The ES/PE global academic community is pleased to announce the granting of the Best Book in Economic Sociology and Political Economy Award for 2020 to Sarah Quinn‘s superb, enlightening, thoroughly researched and engagingly written American Bonds: How Credit Markets Shaped a Nation. Congratulations!!
The year of 2020 marks an exceptional achievement for Professor Quinn (University of Washington). Her outstanding, insightful, and interdisciplinary treatise won three additional major prizes: the Zelizer Book Award given by the American Sociological Association’s Economic Sociology section, the Alice Amsden Book Award presented by the Society for the Advancement of Socio-Economics, and Honorable Mention for the Theory Prize by the American Sociological Association’s Theory section.
Professor Quinn once noted that “part of [her] desire to write the book was always to try to be able to use the tools of sociology to demystify finance.” While reading this excellent scholarly work, one can easily see that this mission was brilliantly accomplished.
Drawing from a mix of original archival research and secondary sources, American Bonds examines the evolution of securitization and federal credit programs in the US from the early post-Revolutionary years to the 1960s, concurrently looking at the macro and micro levels. The book shows in compelling detail that since the Westward expansion, the US government has used financial markets to manage America’s complex social divides, and lawmakers and bureaucrats have turned to land sales, home ownership, and credit to provide economic opportunity without the appearance of market intervention or direct redistribution of wealth. Over time, government officials embraced credit as a political tool that allowed them to navigate an increasingly complex and fractured political system, affirming the government’s role as a consequential and creative market participant. Neither intermittent nor marginal, credit programs spurred the growth of powerful industries, have been used for foreign policy and and military efforts, and were promoters of venture capital investment and mortgage securitization. Quinn’s American Bonds astutely demonstrates the intricate ways in which credit has been a powerful tool of the American statecraft and how the state has been intrinsically involved in marketcraft.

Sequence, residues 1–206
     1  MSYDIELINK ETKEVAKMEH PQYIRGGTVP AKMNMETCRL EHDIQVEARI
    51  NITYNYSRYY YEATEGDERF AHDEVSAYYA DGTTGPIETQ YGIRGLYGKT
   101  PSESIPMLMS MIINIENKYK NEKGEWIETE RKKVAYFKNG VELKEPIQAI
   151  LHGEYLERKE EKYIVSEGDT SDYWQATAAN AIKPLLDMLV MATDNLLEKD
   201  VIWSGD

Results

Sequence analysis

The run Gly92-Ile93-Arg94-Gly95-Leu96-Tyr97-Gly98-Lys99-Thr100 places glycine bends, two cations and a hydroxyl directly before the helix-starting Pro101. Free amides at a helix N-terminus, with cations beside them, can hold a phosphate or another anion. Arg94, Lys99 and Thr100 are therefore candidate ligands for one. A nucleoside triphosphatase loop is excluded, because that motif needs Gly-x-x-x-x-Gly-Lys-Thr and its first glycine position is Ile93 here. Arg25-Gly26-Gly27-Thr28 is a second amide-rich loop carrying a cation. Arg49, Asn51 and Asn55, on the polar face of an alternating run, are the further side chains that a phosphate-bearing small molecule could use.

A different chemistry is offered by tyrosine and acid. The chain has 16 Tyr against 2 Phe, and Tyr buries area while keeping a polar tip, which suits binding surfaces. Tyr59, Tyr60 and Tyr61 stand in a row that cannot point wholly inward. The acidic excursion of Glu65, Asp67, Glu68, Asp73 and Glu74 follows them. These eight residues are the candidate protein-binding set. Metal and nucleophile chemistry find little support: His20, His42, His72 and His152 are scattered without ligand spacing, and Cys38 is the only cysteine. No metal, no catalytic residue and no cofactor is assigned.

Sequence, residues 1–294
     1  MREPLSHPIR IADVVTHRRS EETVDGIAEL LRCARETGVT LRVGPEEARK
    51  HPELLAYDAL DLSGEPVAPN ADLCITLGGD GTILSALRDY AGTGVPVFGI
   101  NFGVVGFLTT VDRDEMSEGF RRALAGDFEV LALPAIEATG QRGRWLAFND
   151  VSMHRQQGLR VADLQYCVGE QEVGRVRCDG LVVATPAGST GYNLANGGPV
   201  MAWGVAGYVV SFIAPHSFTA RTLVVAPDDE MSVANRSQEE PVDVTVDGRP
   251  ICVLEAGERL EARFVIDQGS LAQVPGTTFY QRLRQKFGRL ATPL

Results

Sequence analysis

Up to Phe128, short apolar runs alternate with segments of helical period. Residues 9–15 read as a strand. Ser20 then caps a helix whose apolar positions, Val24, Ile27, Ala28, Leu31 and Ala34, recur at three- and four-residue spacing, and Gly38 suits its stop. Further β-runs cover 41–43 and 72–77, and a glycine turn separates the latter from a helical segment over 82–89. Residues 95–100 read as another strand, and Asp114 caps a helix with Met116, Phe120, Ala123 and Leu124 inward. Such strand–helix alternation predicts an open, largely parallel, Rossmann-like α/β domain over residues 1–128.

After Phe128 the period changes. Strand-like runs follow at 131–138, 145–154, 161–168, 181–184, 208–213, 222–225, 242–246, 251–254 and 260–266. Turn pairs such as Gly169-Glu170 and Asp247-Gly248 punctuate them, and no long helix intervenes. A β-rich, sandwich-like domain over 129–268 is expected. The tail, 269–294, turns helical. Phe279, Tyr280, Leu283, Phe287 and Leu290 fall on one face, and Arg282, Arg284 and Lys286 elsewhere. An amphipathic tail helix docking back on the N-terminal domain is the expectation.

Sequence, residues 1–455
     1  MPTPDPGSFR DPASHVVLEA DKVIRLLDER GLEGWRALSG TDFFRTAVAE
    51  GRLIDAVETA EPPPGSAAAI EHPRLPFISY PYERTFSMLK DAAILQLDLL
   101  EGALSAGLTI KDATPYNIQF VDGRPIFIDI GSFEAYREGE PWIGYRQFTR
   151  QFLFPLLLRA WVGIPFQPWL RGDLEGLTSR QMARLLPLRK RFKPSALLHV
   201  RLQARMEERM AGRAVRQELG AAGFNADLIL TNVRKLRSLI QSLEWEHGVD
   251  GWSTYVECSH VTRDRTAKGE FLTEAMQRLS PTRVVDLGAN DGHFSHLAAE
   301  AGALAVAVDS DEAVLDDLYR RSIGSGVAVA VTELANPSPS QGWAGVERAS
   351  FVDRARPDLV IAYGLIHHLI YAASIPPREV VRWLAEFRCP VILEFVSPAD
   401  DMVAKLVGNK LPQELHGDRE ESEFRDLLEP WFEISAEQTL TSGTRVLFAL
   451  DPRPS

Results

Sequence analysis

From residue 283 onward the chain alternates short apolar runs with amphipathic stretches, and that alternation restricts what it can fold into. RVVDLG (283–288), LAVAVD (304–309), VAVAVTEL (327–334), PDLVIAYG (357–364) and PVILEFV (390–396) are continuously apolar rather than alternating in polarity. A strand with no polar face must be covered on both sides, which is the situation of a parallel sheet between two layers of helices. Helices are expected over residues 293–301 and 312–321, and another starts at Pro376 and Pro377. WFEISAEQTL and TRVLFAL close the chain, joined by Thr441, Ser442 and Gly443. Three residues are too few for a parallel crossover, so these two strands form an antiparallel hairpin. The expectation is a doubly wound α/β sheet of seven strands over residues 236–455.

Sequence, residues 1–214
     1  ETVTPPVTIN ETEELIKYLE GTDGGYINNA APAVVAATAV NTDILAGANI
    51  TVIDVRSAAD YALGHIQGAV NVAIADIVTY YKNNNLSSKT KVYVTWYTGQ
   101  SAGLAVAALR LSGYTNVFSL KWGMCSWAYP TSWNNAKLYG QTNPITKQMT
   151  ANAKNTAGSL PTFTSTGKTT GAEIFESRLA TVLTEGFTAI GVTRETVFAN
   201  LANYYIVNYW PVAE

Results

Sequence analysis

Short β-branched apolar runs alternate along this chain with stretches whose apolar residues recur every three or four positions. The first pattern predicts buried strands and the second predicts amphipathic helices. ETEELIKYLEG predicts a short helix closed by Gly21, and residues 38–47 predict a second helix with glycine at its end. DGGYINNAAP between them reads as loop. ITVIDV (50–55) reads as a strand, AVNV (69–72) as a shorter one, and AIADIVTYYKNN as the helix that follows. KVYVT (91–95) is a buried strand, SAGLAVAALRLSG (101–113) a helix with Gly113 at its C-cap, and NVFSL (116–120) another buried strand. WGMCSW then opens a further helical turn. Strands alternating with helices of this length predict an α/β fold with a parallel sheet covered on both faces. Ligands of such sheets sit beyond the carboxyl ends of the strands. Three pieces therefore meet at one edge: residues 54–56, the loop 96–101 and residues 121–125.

At the end of this must-read book (published by Princeton University Press in 2019) Quinn leaves us with important reflections derived from her historic research, which are essentially relevant to our immediate present and upcoming future:
“With each crisis, Americans face anew the question of how to organize finance. With each crisis, choices are guided by long-esteblished institutions. And with each crisis, there nevertheless exists the potential for something new to emerge. Whatever lies ahead, the organization of credit – and the social bonds that it entails – will be decided on two levels: the specific exchanges we allow and how we delimit the role of finance in the political economy. A cleared-eyed look at both means that in considering any credit policy we must ask: Should this issue be resolved through finance? And if it is resolved through finance, what divisions of profit and risks, and what divisions of opportunities and obligations, should be built into these structures?” (Quinn 2019: 212)
The past Alice Amsden Book Award recipients:
The past Zelizer Best Book Award recipients: